- Administer medications as prescribed
Nursing Care Plan For COPD #2
Ineffective airway clearance related to bronchospasm and increased mucus secretions
After 8 hours of nursing intervention patient will demonstrate adequate airway clearance and will use effective methods of coughing.
- 1. Assist patient in performing coughing and breathing maneuvers. These improve productivity of the cough.
2. Instruct patient in the following:
- Optimal positioning (sitting position)
- Use of pillow or hand splints when coughing
- Use of abdominal muscles for more forceful cough
- Use of quad and huff techniques
- Use of incentive spirometry
- Importance of ambulation and frequent position changes
Directed coughing techniques help mobilize secretions from smaller airways to larger airways because the coughing is done at varying times. The sitting position and splinting the abdomen pr
- 2. Use positioning (if tolerated, head of bed at 45 degrees; sitting in chair, ambulation). These promote better lung expansion and improved air exchange.
- 3. Encourage oral intake of fluids within the limits of cardiac reserve. Increased fluid intake reduces the viscosity of mucus produced by the goblet cells in the airways. It is easier for the patient to mobilize thinner secretions with coughing.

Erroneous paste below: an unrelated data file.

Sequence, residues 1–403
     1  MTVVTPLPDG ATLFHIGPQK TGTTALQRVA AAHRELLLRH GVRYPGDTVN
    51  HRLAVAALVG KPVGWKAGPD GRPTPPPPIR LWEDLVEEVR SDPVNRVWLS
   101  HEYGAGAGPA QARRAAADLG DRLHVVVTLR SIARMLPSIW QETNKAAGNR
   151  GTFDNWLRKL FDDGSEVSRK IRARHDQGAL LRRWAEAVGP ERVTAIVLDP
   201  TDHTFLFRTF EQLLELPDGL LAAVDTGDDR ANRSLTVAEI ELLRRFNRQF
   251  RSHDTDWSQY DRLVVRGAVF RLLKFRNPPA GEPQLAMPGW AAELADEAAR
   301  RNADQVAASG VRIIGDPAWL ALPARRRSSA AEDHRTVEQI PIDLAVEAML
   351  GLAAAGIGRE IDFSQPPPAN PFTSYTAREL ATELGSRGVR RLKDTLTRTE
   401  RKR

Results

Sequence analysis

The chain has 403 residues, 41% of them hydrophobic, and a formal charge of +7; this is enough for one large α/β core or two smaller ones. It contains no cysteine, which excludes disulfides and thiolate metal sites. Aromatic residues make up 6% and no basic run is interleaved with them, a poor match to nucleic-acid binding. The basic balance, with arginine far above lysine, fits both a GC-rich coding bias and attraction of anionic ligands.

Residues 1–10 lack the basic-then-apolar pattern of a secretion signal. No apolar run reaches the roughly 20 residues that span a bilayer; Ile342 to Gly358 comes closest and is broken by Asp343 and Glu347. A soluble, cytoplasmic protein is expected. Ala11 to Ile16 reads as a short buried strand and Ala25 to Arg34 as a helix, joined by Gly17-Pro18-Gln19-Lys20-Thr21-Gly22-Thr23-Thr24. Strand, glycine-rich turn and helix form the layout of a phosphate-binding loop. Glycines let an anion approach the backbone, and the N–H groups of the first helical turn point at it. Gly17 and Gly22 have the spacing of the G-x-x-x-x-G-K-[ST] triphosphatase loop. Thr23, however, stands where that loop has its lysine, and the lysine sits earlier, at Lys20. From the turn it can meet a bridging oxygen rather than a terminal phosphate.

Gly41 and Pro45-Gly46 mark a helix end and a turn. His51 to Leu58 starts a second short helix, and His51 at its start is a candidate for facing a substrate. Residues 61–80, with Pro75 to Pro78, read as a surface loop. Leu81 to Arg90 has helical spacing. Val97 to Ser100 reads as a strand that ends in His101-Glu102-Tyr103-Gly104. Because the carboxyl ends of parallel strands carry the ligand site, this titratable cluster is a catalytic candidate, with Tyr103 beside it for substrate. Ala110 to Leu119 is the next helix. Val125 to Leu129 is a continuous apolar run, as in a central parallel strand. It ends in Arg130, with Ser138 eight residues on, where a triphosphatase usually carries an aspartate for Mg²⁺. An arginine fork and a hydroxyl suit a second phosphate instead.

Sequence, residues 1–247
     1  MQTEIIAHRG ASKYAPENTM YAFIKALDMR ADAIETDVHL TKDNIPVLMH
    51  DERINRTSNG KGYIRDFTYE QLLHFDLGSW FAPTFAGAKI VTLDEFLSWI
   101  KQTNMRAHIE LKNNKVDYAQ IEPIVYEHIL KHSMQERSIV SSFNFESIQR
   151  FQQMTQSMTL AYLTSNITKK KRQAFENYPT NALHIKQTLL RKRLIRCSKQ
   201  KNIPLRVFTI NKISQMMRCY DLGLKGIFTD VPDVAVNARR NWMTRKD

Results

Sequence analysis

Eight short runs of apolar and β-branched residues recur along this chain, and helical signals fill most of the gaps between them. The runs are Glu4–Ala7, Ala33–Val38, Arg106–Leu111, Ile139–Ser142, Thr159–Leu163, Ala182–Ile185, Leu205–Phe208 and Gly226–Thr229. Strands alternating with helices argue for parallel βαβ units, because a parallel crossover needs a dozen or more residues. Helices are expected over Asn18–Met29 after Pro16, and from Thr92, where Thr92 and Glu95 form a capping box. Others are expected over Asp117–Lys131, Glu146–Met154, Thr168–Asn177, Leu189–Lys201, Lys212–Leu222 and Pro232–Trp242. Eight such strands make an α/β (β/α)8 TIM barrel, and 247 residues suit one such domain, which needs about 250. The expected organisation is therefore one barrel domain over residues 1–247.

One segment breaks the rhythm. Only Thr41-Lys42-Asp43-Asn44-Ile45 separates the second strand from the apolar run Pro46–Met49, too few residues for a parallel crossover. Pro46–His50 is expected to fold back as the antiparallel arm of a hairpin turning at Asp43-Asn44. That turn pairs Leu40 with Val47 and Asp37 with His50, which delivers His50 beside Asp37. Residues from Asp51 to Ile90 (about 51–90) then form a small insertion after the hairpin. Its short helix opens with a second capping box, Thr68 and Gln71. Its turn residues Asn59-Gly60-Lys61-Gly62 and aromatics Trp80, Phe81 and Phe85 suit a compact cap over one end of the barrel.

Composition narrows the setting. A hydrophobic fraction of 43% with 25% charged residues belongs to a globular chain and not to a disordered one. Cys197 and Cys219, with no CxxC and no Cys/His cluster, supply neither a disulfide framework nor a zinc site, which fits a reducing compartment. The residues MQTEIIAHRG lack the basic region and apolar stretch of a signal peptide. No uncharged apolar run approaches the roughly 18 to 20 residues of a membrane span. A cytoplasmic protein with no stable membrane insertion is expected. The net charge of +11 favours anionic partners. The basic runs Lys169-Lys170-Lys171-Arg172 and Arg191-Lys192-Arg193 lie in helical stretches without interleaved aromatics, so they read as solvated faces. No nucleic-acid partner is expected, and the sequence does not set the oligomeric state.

- 4. Consult respiratory therapist for chest physiotherapy and nebulizer treatments as indicated (hospital and home care/rehabilitation environments). Chest physiotherapy includes the techniques of postural drainage and chest percussion to mobilize secretions in smaller airways that cannot be removed by coughing or suctioning.
- Administer medications (e.g., mucolytic agents, bronchodilators, expectorants) as ordered, noting effectiveness and side effects.
Nursing Care Plan For COPD #3
Ineffective breathing pattern related to decreased energy and airway changes
After 8 hours of nursing intervention patient will demonstrate effective breathing pattern.
1.Position patient with proper body alignment for optimal breathing pattern. If not contraindicated, a sitting position allows for good lung excursion and chest expansion.
2.Ensure that oxygen delivery system is applied to the patient. The appropriate amount of oxygen is continuously delivered so that the patient does not desaturate.
3.Encourage sustained deep breaths by:
- Using demonstration (emphasizing slow inhalation, holding end inspiration for a few seconds, and passive exhalation)